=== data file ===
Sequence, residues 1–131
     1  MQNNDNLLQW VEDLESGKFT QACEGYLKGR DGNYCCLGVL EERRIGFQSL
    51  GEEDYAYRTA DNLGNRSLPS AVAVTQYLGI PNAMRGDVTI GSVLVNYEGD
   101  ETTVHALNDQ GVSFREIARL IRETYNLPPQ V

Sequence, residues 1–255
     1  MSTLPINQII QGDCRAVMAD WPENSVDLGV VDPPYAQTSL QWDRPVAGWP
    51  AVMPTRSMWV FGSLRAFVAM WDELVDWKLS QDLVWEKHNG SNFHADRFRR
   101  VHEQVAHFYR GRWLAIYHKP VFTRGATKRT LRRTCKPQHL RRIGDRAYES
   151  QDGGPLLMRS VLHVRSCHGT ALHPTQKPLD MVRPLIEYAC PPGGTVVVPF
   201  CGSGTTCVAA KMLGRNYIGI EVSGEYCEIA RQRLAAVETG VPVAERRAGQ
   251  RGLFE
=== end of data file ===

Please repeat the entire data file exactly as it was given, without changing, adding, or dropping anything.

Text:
Sequence, residues 1–131
     1  MQNNDNLLQW VEDLESGKFT QACEGYLKGR DGNYCCLGVL EERRIGFQSL
    51  GEEDYAYRTA DNLGNRSLPS AVAVTQYLGI PNAMRGDVTI GSVLVNYEGD
   101  ETTVHALNDQ GVSFREIARL IRETYNLPPQ V

Sequence, residues 1–255
     1  MSTLPINQII QGDCRAVMAD WPENSVDLGV VDPPYAQTSL QWDRPVAGWP
    51  AVMPTRSMWV FGSLRAFVAM WDELVDWKLS QDLVWEKHNG SNFHADRFRR
   101  VHEQVAHFYR GRWLAIYHKP VFTRGATKRT LRRTCKPQHL RRIGDRAYES
   151  QDGGPLLMRS VLHVRSCHGT ALHPTQKPLD MVRPLIEYAC PPGGTVVVPF
   201  CGSGTTCVAA KMLGRNYIGI EVSGEYCEIA RQRLAAVETG VPVAERRAGQ
   251  RGLFE